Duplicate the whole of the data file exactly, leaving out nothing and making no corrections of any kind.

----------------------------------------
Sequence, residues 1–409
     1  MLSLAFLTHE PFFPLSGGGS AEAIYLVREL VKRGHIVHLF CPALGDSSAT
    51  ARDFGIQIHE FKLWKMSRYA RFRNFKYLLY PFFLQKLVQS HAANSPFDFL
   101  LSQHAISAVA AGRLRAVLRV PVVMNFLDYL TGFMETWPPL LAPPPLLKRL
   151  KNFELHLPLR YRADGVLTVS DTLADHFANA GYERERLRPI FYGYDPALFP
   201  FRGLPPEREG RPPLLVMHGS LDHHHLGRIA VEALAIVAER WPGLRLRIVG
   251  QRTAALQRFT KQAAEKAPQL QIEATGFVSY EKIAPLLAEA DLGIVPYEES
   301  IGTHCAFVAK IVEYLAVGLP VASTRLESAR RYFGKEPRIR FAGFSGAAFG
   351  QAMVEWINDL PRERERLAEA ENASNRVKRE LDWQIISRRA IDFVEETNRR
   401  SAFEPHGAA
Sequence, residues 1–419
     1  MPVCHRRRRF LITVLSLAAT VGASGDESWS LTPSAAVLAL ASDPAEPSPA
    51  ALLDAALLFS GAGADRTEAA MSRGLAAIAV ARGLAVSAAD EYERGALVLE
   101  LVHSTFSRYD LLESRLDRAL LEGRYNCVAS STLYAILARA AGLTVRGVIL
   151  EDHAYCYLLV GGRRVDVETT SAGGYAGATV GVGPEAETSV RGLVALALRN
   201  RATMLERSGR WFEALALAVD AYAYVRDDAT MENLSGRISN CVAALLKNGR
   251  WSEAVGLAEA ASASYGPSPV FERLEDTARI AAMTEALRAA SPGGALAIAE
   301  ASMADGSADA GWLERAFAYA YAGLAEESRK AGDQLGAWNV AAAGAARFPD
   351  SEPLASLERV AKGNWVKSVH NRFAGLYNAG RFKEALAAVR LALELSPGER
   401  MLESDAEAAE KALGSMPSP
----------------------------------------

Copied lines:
Sequence, residues 1–409
     1  MLSLAFLTHE PFFPLSGGGS AEAIYLVREL VKRGHIVHLF CPALGDSSAT
    51  ARDFGIQIHE FKLWKMSRYA RFRNFKYLLY PFFLQKLVQS HAANSPFDFL
   101  LSQHAISAVA AGRLRAVLRV PVVMNFLDYL TGFMETWPPL LAPPPLLKRL
   151  KNFELHLPLR YRADGVLTVS DTLADHFANA GYERERLRPI FYGYDPALFP
   201  FRGLPPEREG RPPLLVMHGS LDHHHLGRIA VEALAIVAER WPGLRLRIVG
   251  QRTAALQRFT KQAAEKAPQL QIEATGFVSY EKIAPLLAEA DLGIVPYEES
   301  IGTHCAFVAK IVEYLAVGLP VASTRLESAR RYFGKEPRIR FAGFSGAAFG
   351  QAMVEWINDL PRERERLAEA ENASNRVKRE LDWQIISRRA IDFVEETNRR
   401  SAFEPHGAA
Sequence, residues 1–419
     1  MPVCHRRRRF LITVLSLAAT VGASGDESWS LTPSAAVLAL ASDPAEPSPA
    51  ALLDAALLFS GAGADRTEAA MSRGLAAIAV ARGLAVSAAD EYERGALVLE
   101  LVHSTFSRYD LLESRLDRAL LEGRYNCVAS STLYAILARA AGLTVRGVIL
   151  EDHAYCYLLV GGRRVDVETT SAGGYAGATV GVGPEAETSV RGLVALALRN
   201  RATMLERSGR WFEALALAVD AYAYVRDDAT MENLSGRISN CVAALLKNGR
   251  WSEAVGLAEA ASASYGPSPV FERLEDTARI AAMTEALRAA SPGGALAIAE
   301  ASMADGSADA GWLERAFAYA YAGLAEESRK AGDQLGAWNV AAAGAARFPD
   351  SEPLASLERV AKGNWVKSVH NRFAGLYNAG RFKEALAAVR LALELSPGER
   401  MLESDAEAAE KALGSMPSP